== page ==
Valentina Magaletti residency
(Cafe Oto, 12-14 December 2022; review and drawings by Geoff Winston)
The first and final nights I attended of percussionist Valentina Magaletti’s landmark three-night residency at Cafe Oto, which she also curated, opened with strong solo sets from Marlene Ribeiro and Laila Sakini, respectively, captivating the listener with their skilfully layered approaches.
Ribeiro interspersed short spells of clarinet and vocals with sampled riffs ranging from acoustic guitar to clattering drum and gamelan mixed with edgy electronic interference, forming the backbone for a sequence of linked chapters. Sakini, based around piano and subtle electronics brought in gentle recorder and aquatic sounds, nonetheless cut through with a hint of the industrial.
Both evenings ended with two extraordinary powerful, and very different, group sets with Magaletti as the lynchpin in each. Following the power trio of Better Corners, the first was a brilliant improvised set from a Magaletti quartet with Cathy Lucas (violin), Marta Salogni (electronics, tape machines) and Miriam Adefris (harp) which began with Magaletti tinkling tiny bells and sudden thwacks on the bass drum to draw in acoustic tensions as sounds were circulated between the musicians, each adding a special flavour to their intense and sensitive collaboration. Violin drones and sharp arco from Lucas, delicate finger and chord work from Adefris on a beautiful contemporary harp, pirouetting looped samples from Salogni, a shot of glockenspiel from Magaletti and a snappy jazzy figure with brushes which gave way to mallet mayhem in the intuitive call-and-response musical conversation within the quartet.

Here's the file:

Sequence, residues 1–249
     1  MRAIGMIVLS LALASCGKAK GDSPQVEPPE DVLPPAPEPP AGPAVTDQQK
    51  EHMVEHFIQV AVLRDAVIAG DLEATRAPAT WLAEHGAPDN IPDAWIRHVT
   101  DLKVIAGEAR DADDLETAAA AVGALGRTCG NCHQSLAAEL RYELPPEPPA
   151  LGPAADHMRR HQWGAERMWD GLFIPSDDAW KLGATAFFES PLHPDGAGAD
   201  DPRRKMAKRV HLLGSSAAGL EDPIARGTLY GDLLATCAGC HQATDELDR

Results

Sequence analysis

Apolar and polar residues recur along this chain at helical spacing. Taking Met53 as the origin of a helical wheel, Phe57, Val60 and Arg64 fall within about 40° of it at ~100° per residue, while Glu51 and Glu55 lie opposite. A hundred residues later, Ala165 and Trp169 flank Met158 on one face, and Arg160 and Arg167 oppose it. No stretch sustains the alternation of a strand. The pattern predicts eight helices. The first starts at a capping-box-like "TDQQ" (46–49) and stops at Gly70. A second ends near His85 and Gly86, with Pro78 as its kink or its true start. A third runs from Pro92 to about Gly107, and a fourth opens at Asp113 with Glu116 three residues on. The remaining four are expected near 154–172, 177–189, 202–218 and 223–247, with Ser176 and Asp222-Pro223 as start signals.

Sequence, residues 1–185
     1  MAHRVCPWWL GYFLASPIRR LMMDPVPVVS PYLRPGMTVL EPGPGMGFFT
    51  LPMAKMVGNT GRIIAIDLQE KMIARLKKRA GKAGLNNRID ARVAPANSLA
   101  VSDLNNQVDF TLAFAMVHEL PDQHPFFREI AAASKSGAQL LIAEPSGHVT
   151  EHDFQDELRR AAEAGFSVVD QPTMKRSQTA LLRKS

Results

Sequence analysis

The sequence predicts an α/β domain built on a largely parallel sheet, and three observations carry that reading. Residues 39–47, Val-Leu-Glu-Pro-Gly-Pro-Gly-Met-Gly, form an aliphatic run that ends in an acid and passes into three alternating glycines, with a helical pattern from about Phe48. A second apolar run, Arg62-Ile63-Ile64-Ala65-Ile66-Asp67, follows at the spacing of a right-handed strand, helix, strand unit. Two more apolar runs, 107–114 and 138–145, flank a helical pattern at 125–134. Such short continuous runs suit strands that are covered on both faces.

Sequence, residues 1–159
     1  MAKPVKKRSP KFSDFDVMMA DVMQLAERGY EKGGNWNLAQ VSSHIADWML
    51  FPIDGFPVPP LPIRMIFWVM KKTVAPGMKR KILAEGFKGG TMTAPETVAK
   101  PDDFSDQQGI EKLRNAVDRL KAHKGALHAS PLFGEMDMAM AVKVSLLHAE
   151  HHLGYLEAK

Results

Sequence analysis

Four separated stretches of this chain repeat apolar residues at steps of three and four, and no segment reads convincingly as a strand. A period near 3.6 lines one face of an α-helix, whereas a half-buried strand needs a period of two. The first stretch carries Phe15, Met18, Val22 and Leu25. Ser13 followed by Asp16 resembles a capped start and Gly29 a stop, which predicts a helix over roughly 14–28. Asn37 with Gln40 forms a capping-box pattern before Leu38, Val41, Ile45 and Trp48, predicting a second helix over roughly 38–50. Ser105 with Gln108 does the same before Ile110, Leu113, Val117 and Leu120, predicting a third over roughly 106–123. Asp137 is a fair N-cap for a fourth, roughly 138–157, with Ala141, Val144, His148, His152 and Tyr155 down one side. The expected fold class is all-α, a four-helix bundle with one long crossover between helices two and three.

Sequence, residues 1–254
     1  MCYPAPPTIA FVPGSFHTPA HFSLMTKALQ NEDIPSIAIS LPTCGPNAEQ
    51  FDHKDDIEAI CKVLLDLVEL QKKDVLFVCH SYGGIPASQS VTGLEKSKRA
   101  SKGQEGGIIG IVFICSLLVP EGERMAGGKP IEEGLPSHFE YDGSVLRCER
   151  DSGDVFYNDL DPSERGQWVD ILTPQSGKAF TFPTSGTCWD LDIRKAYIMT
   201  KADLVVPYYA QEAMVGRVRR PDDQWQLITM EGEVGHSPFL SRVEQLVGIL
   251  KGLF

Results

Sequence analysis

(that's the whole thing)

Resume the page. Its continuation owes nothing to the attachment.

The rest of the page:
Not yet a subscriber of our Wednesday Breakfast Headlines?
Join the mailing list for a weekly roundup of Jazz News.
The final set of the series from trio Holy Tongue – Magaletti, Al Wooton (electronics and piano) and bassist Susumu Mukai (aka Zongamin), joined by saxophonist Ben Vince – summoned up the spirit of dub reggae with a vengence, and some, taking it in their own direction, live and direct, no stone unturned. Magaletti, on marvellous precision form, added razor-sharp accents, combining with Mukai to drive the pounding rhythms while Wooton processed echoes in true dub style in addition to his wild electronics. Ben Vince, gritty as ever, added an essential rawness. We could have been in King Tubby’s studio, twenty-first century style!
Categories: Live reviews